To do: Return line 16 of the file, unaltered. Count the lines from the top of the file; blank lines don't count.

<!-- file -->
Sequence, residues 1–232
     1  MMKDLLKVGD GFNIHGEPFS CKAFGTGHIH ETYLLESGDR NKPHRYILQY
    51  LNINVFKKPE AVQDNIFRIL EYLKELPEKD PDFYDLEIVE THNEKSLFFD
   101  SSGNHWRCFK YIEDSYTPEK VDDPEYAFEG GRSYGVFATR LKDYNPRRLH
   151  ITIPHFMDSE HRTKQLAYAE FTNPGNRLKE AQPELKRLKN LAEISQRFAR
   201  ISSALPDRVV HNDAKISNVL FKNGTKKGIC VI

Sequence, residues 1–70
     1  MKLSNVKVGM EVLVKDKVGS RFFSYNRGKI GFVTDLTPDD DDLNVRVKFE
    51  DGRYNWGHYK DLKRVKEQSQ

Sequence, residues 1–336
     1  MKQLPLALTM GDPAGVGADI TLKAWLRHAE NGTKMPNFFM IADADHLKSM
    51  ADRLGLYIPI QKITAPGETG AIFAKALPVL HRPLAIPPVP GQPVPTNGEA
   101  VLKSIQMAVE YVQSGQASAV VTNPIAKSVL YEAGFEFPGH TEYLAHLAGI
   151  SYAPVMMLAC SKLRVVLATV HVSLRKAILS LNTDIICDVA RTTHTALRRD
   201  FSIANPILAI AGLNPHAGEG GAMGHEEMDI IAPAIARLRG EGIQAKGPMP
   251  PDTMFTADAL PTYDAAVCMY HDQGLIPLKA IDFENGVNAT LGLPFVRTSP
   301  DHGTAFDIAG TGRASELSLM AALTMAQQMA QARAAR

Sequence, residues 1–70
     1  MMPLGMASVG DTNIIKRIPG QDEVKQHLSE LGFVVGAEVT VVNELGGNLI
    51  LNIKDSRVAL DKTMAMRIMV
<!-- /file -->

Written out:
   251  PDTMFTADAL PTYDAAVCMY HDQGLIPLKA IDFENGVNAT LGLPFVRTSP